Third-Party Software For Cisco Routers?

Hi All,

I have been assuming for years that Cisco will not allow third-party software to run on their routers, then realized tonight that I should ask instead of assuming.

Two questions:

  1. Has IOS morphed into a full-blown operating system or is it stil what it was 20 years ago?

  1. Is there any way of getting 3rd-party software onto a commercial Cisco router? More than 99% of the software would be written in The Purest C++, but the remaining 1% would require robust synchronization primitives from the underlying OS, including threads, mutexes, events, semaphores, etc. Gutting the router just to get my software onto it would not be an option. I would need to add the software to already- deployed routers.

Ideally, Cisco would offer somthing like Juniper's JunOS SDK:

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-Le Chaud Lapin-

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Le Chaud Lapin
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IOS is a narrow view of what Cisco is using now, so you can't be so generic. Ie. they have NX-OS for switches (which is linux underneath). Samething with the ASA's as of version 8.2+ or so. There are also two more variations of IOS.

Configs are simular enough from one varient to another.

I'd say it is a full blown OS, but they don't give you access beyond their command shell and probably never will, so its probably not moot to what you want.

Cisco came out with kind of a product for you. Its not cheap though. I also don't know the future path of it, since its only listed for the ISR and not the ISR G2.

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Basicly a PC on a card, that lets you write sandboxed code to run on it that can interface to the router in interesting ways. Probably not tight enough integration for you though.

Cisco also has the EEM system that could launch TCL scripts based on certain conditions.

Well, JunOS has it easy, since its FreeBSD running on a PC, just with a whole lotta hardware ASIC muscle behind that. Cisco isn't going to let you interface to the linux kernel that hides behind some of its newer IOS lines though.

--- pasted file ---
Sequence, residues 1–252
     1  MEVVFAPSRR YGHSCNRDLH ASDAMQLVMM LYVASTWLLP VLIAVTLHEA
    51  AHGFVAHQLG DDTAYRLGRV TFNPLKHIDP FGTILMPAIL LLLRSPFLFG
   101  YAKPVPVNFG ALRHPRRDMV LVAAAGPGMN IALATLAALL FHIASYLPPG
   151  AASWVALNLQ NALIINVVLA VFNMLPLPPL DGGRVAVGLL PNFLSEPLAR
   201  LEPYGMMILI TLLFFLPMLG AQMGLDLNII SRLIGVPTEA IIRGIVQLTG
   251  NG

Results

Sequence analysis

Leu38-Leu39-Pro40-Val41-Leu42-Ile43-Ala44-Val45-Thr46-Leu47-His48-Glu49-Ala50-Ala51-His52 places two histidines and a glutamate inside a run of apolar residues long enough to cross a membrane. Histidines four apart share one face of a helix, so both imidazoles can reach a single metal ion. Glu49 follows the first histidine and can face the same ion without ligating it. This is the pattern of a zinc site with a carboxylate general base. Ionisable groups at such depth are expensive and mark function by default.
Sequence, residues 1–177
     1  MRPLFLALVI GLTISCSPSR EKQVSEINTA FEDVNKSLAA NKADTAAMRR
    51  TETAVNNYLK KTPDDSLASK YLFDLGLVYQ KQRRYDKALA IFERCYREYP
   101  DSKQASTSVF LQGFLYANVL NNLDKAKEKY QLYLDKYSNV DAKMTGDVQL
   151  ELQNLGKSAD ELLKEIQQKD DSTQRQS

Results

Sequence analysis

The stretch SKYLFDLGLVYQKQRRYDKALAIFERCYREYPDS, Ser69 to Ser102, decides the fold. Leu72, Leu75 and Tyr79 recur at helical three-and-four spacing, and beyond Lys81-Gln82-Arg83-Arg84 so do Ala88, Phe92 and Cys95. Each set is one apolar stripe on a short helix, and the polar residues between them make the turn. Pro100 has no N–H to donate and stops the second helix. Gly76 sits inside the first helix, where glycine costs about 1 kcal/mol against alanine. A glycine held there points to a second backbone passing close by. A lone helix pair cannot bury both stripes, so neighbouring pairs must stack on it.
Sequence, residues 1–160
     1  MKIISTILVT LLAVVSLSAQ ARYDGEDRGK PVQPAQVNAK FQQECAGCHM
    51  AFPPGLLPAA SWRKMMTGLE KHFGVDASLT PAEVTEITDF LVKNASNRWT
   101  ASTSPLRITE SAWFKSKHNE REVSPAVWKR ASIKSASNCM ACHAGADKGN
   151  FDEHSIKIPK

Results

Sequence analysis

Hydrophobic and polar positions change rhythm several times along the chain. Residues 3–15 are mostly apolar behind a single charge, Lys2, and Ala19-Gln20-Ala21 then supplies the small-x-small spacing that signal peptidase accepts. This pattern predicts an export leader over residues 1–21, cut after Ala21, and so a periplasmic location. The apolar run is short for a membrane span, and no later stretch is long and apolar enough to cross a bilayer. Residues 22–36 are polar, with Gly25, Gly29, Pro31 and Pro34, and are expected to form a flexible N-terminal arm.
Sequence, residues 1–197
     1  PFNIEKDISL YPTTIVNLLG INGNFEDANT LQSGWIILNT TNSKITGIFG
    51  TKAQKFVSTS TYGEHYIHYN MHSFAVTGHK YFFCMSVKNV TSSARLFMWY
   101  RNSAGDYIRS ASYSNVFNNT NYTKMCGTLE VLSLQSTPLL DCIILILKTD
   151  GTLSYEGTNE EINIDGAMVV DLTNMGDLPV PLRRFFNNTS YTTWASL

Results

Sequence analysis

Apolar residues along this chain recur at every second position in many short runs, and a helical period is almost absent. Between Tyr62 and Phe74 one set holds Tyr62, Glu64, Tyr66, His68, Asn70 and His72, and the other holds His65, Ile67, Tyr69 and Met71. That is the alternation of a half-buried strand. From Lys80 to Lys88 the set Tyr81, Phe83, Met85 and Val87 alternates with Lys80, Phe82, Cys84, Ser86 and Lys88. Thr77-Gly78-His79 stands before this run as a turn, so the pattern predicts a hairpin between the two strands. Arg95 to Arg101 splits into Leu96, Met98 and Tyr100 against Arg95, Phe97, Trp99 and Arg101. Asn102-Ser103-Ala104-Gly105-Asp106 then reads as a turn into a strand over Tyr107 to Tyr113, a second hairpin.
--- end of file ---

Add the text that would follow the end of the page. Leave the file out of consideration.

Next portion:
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Doug McIntyre

As Doug says:- Many/most/all routers now have TCL. It has a lot of hooks into the underlying OS and seems quite capable. You need a fancy Feature Set.

To start to learn TCL a few years ago I wrote a Game Of Life that ran on TCL on IOS. I didn't get the job and so never did any more.

Hmmm. My code won't run now.

Very odd, I did all the development by editing off-line and pasting the code in to a VTY to run it but that no longer works since IOS does not seem to correctly buffer the input and code is getting lost.

Probably a bug that has been fixed. I am on c870-advipservicesk9-mz.124-15.T7.bin at present.

Oh yes; the Game of Life was done on dynamips. I can't remember whether I used a VTY or the console.

Quite cool.

Game of Life on TCL on IOS on Dynamips router emulator (likes Linux) on Cygwin linux emulator (dynamips on windows always uses cygwin) on Windows Vista

Miracle it worked at all but it really did. Just shows how robust modern software can be.

Here is what happens on an 877 I have here.


Then pasting this in:-

set x "a b c" puts "Item at index 2 of the list {$x} is: [lindex $x 2]\n"

Produces this

tt(tcl)#set x "a b c" a b c tt(tcl)#]\n" invalid command name "] "" ^ % Invalid input detected at '^' marker.


Pasting the lines seperately does work as expected.

Years ago someone did a linux build for IOS that could be put on a 2500 router. No use at all but I understand it did run.

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How unfortunate.

Knowing that the back end for Cisco has beciome, in some cases, Linux, is still useful, however.

I guess I will take what I can and focus on Juniper.

-Le Chaud Lapin-

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